Gluten Free Dairy Free Swedish “Rye” Bread is one of those recipes for my family.  Swedish Rye Bread IS Christmas for us.  The recipe is similar to a traditional Swedish Limpa bread, slightly sweet from molasses and brown sugar, perfumed with anise, fennel, cumin and a bit of orange.  I couldn’t wait for this bread as a child, waiting so impatiently for warm thick slices to nibble on.  Grinding the spices was always the best part when I was little.  We used a small mortar and pestle that I was fascinated with – now my own kids grind the spices when Christmas rolls around.  Of course, Swedish “Rye” Bread is delicious anytime of year, equally at home as a breakfast with a bit of almond butter and cinnamon sugar or as the bread in a ham sandwich.  You can bake the bread in a bread pan, but I usually shape the dough in a ball and bake in a cake tin for a round loaf because that is what grammy did.  Try this gluten free take on Swedish Rye Bread when you would like something a little different for a yeasted bread.  As for me?  I still like slicing a thick piece to have with my tea.  I think my grandma would approve.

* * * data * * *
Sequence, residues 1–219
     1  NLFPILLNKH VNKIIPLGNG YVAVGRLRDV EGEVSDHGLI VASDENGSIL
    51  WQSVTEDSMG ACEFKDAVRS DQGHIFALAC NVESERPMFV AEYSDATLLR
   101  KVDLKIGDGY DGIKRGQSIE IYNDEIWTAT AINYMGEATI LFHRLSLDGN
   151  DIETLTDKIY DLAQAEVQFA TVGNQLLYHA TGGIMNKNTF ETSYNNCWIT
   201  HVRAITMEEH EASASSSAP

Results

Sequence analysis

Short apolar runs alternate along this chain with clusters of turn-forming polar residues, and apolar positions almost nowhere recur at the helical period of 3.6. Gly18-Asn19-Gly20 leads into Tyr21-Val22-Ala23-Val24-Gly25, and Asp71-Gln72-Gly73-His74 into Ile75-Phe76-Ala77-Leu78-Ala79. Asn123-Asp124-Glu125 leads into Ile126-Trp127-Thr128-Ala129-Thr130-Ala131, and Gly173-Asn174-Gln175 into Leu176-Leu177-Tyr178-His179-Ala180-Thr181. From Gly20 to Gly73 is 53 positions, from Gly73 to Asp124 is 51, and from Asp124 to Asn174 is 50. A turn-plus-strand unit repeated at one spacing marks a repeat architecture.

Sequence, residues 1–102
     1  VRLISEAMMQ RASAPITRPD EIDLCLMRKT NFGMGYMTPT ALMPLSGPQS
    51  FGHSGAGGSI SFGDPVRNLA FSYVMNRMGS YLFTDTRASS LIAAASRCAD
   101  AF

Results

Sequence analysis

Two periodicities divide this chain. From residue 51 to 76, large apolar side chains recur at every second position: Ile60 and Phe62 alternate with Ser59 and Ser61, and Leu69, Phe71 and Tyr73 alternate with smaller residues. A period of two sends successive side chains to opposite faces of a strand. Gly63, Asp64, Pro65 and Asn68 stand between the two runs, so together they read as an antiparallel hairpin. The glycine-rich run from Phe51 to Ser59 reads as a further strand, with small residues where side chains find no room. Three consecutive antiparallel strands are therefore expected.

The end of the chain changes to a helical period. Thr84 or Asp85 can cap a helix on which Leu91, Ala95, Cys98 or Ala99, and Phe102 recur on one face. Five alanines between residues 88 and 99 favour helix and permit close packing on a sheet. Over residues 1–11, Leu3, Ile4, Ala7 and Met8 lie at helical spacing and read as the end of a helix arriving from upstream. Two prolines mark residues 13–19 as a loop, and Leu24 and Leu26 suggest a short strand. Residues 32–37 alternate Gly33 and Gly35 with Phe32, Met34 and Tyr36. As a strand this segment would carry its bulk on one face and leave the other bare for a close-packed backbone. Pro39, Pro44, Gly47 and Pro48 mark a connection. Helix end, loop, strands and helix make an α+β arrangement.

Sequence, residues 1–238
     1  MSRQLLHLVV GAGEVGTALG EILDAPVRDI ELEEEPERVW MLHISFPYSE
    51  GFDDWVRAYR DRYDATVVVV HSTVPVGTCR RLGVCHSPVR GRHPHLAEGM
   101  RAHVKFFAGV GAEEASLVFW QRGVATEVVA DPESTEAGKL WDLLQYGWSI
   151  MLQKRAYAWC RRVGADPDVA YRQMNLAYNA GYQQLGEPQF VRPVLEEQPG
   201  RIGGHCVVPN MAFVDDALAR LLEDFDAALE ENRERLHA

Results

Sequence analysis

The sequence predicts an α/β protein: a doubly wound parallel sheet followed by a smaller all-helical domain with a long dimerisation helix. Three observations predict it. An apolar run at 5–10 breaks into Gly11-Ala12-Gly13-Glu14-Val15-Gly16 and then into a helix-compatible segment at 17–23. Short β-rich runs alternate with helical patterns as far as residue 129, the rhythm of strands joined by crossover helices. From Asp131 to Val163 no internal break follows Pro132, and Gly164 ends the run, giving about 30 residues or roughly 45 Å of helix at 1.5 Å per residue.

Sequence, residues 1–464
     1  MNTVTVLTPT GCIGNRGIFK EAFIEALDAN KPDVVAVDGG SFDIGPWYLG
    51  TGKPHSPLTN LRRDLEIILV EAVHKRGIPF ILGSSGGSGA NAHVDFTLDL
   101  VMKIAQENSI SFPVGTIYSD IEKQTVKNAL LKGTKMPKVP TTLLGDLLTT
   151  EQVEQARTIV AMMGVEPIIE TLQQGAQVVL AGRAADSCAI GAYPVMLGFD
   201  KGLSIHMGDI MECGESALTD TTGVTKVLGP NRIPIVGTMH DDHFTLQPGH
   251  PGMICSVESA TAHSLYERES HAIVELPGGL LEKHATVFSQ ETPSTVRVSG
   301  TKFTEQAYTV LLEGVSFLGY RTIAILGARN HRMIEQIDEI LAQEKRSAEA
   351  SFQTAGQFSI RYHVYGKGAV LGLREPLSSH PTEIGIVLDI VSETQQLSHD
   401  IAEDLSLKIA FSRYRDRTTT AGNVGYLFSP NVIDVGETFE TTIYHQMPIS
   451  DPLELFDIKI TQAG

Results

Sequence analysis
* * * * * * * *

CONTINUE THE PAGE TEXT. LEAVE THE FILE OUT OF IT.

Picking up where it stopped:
5.0 from 2 reviews
Gluten Free Dairy Free Swedish "Rye" Bread
Recipe type: gluten free, dairy free, gfcf, breads, yeast breads
Serves: one loaf
  • ¾ cup room temp. milk substitute of choice (rice, almond, etc.) or water
  • ½ cup garbanzo or garfava flour
  • ¼ cup sorghum flour
  • 2 ¼ teaspoons dry active yeast
  • 3 tablespoons molasses
  • 1 teaspoon cider vinegar
  • *2 large room temperature eggs
  • 3 Tablespoons gluten & dairy free margarine or non-hydrogenated shortening (I use organic palm oil)
  • ½ cup corn starch or arrowroot
  • ½ cup potato starch
  • ½ cup tapioca starch
  • ¼ cup packed brown sugar
  • ¼ cup sifted unsweetened cocoa powder
  • 1 Tablespoon xanthan gum or guar gum
  • 1 Tablespoon fresh finely minced orange zest
  • 1 teaspoon salt
  • ¾ teaspoon ground anise seed
  • ¾ teaspoon ground fennel seed
  • ¾ teaspoon ground cumin
  • depending on bread dough texture: up to 2 tablespoons more milk substitute of choice
  1. In a non-reactive bowl, combine ¾ cup milk substitute, garbanzo flour, sorghum flour, yeast, molasses, and cider vinegar. Mix well. Cover bowl and set aside for 2 to 4 hours.